Digital Rights Management (DRM) technology has been added to MP3, according to one of the companies behind the ubiquitous audio encoding technology. French company
Thomson has added the ability to limit the number of times a song can be duplicated onto CDs and MP3 players in a new version of the popular music encoding standard.
Thomson is late to the game with technology that’s already been incorporated in competing standards. Apple, for example, features “FairPlay” DRM technology in music downloaded through its iTunes Music Store that limits the number of times songs can be burned to CDs and on how many machines the songs can be played. Competing services depend on DRM available through Microsoft’s Windows Media Player software. RealNetworks Inc. also offers its own DRM solution.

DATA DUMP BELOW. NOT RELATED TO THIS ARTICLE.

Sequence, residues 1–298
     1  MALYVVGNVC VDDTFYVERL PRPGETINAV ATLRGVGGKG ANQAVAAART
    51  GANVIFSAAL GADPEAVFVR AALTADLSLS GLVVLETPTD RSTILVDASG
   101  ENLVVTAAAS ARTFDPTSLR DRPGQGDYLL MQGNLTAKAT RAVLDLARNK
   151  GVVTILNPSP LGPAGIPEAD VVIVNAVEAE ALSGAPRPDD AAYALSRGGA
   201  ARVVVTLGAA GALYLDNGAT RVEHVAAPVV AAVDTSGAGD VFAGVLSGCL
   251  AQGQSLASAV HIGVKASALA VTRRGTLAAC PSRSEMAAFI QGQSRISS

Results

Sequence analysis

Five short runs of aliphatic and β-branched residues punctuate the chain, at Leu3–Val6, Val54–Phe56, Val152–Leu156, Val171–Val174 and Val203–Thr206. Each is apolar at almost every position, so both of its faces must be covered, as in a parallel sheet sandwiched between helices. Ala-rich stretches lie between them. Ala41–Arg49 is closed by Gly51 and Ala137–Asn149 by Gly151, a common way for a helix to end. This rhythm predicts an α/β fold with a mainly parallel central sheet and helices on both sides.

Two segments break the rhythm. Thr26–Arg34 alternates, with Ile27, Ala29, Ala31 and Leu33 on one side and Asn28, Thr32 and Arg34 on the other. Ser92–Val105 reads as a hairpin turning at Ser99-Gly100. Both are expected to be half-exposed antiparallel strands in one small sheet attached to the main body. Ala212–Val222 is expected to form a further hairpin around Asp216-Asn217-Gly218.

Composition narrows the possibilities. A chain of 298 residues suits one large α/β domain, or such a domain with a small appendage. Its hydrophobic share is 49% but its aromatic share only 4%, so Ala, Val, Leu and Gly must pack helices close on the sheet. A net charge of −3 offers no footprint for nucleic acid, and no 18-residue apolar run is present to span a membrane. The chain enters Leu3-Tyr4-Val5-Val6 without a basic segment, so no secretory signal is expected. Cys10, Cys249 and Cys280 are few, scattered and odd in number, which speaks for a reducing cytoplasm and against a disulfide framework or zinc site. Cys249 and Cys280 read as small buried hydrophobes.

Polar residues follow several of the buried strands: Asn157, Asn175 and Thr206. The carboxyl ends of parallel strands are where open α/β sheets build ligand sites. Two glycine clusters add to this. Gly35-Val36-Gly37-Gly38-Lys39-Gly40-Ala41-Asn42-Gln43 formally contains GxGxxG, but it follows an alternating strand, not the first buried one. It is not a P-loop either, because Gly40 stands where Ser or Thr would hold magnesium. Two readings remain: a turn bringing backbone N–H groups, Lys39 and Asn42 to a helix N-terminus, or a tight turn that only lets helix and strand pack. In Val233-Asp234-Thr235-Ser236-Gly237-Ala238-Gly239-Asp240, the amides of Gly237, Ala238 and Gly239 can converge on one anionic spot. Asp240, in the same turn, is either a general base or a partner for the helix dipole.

Although MP3 has plenty of name recognition and a storied history — it was first introduced back in 1993 by
Fraunhofer IIS — there will be technical hurdles to overcome as well, since songs encoded with the DRM technology won’t work on older players. While some players could conceivably be updated with new firmware to support the emerging DRM-protected MP3 standards, others might need to be replaced all together.
DRM-equipped MP3 players and services are expected to appear on the market this year.